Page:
This was a scenario we played out in 1990s in our basic environmental science class. It seemed ever so far away. But my goodness it's here. I hate listening to people who talk about the gloom and doom be it in science or religion. But you know, there's a reason for these gloom and doom scenarios. It's to hope that we will wake up and do something about it.

And to the naysayers to increasing credits/funding for renewable source fuels, etc. WTF?! You are shutting down a possible solution even before trying. Why are oil companies then still enjoying the benefits? Can't we say that they are successful and have had their chance? The whole auto industry got such financial support, with infrastructure building (gas stations), etc. Isn't it time they stopped getting them?

I don't like the cap and trade program. But someone has to pay the price in dollars, since that's the system we have set up for ourselves. And I'd rather die trying to do something about it than not at all. We should be having discussions about solutions. We should not be still debating over whether or not climate change is happening. That's the silliest thing ever heard. Climate changes. It never has and never will stay predictably the same. And those who adapt will be the ones to survive. It's completely in our self-interest to do something about it!

sharing

Feb. 15th, 2012 09:59 pm
smittenbyu: (Default)

I take D to many playgroups. It's a lot of fun to put several toddlers in a room and see what happens. They all want the same toy the one kid discovered. The host often shares how her kid had never shown interest in that toy before, too! Some mothers work very hard to get their kid to share. I have witnessed toddlers get into a complete tug of war over a toy, screaming and shouting. Sometimes, we moms have also had to get into the tug of war to separate the screaming kids. This is an age where they don't understand the concept of sharing.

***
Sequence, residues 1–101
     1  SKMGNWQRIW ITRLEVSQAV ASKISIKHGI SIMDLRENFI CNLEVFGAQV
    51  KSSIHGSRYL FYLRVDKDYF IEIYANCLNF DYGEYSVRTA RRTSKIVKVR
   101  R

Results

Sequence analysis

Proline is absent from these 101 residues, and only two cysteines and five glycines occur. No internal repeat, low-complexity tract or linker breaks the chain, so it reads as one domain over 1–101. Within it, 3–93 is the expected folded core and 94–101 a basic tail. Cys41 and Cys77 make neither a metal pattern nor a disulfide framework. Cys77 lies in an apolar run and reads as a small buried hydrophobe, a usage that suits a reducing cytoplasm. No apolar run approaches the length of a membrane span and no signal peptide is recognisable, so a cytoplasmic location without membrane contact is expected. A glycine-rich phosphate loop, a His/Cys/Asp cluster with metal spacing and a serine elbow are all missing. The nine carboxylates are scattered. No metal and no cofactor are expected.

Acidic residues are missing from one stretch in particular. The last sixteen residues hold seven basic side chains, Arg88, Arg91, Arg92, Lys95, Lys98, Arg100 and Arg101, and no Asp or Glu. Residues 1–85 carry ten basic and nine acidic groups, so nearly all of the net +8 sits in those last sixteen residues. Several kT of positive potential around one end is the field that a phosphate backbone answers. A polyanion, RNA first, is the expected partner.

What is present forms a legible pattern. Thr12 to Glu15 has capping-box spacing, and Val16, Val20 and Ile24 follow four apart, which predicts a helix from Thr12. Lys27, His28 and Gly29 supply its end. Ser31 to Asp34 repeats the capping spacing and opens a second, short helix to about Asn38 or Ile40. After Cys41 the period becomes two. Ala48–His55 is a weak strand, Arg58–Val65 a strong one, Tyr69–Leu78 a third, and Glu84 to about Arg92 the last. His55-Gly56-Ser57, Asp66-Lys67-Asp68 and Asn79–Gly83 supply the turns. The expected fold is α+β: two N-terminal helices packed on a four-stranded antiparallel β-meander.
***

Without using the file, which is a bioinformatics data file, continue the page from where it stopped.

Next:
And yet we try place such importance to it. We keep trying, failing miserably. Once they learnt to share, we forget about how important this skill is in the world.  It seems so trivial, a small thing. But if you see the numerous problems with the world today, it comes down to being unable to share.

Watching the news often makes me realise that not much has changed since toddlerhood.

Last week, I was home, and so watched the Republican Presidential candidates give their speeches at CPAC. I am not a conservative. But it's good to hear what the other side thinks. Additionally, I have low blood pressure and since their no cure for that except for adding salt to my food, this was a good solution. So, I listened.

At one point, Santorum made a claim that "climate change is a leftist scientific conspiracy to destroy America!" And he went on about this group uses the conservatives' sentimentality of being good stewards of this earth to gain power. I nearly fell out of my chair. Where has he lived in the last three decades? He referred to the positive correlation between energy consumption and standard of living and therefore we need to stop the "no-growth environmental radicalism".